An otherwise able-bodied person is generally expected to walk around in the world unassisted. But when I hit the 32-week mark in my twin pregnancy, walking farther than my own bathroom was pretty much out of the question. On one weekend trip to a big-box store around this point in pregnancy, I hopped in the motorized cart provided by the retailer as a way to help get around. (That's me in the silly pic above on that very day!) This started out as a joke, with my husband and I giggling as I scooted around the aisles. But I soon thereafter realized it was the only way if I wanted to remain out in the world grocery shopping and preparing for babies. One time I even got stuck in a narrow aisle—and beeped hopelessly while trying to back up out of the tight squeeze. Mortifying? Yes. Acceptable during pregnancy? Also yes.
And my physical limitations didn't just stop at walking. In fact, because of my size, I really struggled to even roll over in bed; my husband had to wake up at night to help me with that, working gingerly as if twisting a rotisserie chicken. And reaching my much-needed Tums from the medicine cabinet? Even that sometimes felt like a Herculean struggle late in my third trimester. Sometimes, even the most basic movements can become super challenging in pregnancy, and asking for help is completely okay!
Sleeping a ton.
As children, we're encouraged—even required—to nap during daylight hours. As adults, it's not so much a thing. I generally hold myself to a high productivity standard, almost obsessively so, and even though I work remotely in my home office, I'd never consider slacking off in the middle of the day. Never, that is, except when I was expecting my twins. In my third trimester, taking not one but two midday naps was essential just to fuel the wakeful hours!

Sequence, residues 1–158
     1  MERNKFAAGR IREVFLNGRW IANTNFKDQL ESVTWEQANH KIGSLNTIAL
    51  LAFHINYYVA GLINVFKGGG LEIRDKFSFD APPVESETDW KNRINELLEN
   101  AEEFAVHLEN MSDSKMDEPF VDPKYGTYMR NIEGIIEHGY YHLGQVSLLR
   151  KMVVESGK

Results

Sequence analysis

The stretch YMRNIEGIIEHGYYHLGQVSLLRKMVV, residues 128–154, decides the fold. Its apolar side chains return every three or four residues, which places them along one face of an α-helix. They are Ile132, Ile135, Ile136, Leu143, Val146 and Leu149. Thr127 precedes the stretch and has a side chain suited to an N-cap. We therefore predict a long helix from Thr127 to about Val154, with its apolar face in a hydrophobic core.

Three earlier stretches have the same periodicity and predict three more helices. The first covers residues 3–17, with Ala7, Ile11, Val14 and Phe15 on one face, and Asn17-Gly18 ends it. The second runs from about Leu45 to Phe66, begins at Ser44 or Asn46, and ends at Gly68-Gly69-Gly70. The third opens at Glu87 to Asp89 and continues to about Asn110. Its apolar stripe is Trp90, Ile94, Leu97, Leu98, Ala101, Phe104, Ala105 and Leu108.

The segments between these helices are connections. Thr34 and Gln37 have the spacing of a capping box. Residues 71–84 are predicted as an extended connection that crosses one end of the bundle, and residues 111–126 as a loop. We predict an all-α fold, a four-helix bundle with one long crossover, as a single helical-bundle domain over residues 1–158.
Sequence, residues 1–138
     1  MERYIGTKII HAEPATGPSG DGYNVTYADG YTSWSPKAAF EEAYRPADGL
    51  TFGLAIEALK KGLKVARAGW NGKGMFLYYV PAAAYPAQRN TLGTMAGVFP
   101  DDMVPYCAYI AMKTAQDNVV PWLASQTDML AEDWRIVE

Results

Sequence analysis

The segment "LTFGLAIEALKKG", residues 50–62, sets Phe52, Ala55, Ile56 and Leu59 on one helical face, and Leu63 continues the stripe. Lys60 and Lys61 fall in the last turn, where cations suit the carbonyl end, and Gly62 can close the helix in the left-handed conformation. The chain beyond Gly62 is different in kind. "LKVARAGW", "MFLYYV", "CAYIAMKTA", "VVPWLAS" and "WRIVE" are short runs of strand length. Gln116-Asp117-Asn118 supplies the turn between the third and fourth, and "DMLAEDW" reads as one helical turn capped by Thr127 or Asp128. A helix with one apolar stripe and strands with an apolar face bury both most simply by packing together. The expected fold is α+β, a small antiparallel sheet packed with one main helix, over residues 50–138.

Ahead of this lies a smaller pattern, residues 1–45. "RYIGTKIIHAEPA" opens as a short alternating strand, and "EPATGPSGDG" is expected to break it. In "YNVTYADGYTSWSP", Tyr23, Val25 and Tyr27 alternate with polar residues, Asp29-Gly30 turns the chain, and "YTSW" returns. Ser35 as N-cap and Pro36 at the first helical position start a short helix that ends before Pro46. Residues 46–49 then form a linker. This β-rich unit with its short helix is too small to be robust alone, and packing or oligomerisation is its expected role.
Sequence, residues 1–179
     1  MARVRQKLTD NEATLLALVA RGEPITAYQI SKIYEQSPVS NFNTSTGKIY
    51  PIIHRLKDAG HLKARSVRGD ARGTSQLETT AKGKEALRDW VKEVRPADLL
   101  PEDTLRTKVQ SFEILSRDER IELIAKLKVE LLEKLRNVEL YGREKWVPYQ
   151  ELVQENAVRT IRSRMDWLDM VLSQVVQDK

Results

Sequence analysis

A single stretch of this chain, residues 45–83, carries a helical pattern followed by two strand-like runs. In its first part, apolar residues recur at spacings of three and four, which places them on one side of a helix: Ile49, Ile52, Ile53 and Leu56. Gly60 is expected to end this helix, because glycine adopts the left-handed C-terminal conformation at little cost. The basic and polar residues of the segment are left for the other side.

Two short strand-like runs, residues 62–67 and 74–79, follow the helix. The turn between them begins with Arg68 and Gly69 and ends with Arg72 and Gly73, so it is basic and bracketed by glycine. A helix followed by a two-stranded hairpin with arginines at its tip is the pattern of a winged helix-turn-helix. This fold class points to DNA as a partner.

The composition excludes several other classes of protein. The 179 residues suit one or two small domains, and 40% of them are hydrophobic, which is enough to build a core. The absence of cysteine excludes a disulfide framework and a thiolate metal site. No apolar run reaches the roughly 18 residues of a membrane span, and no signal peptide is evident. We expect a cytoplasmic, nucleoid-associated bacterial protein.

Sitting when everyone else is standing.
When you're expecting, strangers—those who do the courteous thing, anyway—give up chairs in public environments in deference to pregnant women. And rightly so: It can get really challenging and uncomfortable to stand for any length of time during pregnancy. But pregnancy can also a nice break from the social norm of having to stand for long periods of time. Early in my pregnancy when I was still plenty comfortable but showing noticeably, I found myself at a work-related event waiting in a long, disorganized line to get inside, under a tent on a rainy night. Everyone was annoyed. Everyone was over it. But I was the only one who got the single available chair... and I didn't feel a bit bad about it either!
Skirting certain household responsibilities.
Pregnant women are generally advised to limit work with certain household chemical cleaning agents—and it can be tough or even dangerous to bend and stretch too aggressively anyway. So pregnancy is a time many women get relief from household chores thanks to other family members chipping in. Changing the cat litter is probably the single grossest and least desirable chore in our home. But this is something I'd done solo for years; that seemed fair since my husband became a cat parent only by marriage, reluctantly at first. Well, this is something pregnant women are told to avoid due to the risk of toxoplasmosis. So my husband took over the chore. And the coolest part? He still owns the responsibility although our twins are now 15 months old!